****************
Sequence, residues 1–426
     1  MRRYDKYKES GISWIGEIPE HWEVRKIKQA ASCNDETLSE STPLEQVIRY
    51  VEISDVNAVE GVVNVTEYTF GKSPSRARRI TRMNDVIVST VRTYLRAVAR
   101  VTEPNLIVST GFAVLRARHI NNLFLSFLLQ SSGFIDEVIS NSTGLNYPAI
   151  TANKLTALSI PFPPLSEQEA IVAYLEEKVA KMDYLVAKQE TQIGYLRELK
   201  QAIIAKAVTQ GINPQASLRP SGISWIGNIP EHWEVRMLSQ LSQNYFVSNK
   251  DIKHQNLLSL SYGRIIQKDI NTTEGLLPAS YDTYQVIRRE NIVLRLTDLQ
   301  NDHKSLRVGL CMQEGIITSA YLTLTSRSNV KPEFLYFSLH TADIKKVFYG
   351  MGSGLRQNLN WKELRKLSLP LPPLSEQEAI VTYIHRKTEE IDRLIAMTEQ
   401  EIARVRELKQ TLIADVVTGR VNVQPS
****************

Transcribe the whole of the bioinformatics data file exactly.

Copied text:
Sequence, residues 1–426
     1  MRRYDKYKES GISWIGEIPE HWEVRKIKQA ASCNDETLSE STPLEQVIRY
    51  VEISDVNAVE GVVNVTEYTF GKSPSRARRI TRMNDVIVST VRTYLRAVAR
   101  VTEPNLIVST GFAVLRARHI NNLFLSFLLQ SSGFIDEVIS NSTGLNYPAI
   151  TANKLTALSI PFPPLSEQEA IVAYLEEKVA KMDYLVAKQE TQIGYLRELK
   201  QAIIAKAVTQ GINPQASLRP SGISWIGNIP EHWEVRMLSQ LSQNYFVSNK
   251  DIKHQNLLSL SYGRIIQKDI NTTEGLLPAS YDTYQVIRRE NIVLRLTDLQ
   301  NDHKSLRVGL CMQEGIITSA YLTLTSRSNV KPEFLYFSLH TADIKKVFYG
   351  MGSGLRQNLN WKELRKLSLP LPPLSEQEAI VTYIHRKTEE IDRLIAMTEQ
   401  EIARVRELKQ TLIADVVTGR VNVQPS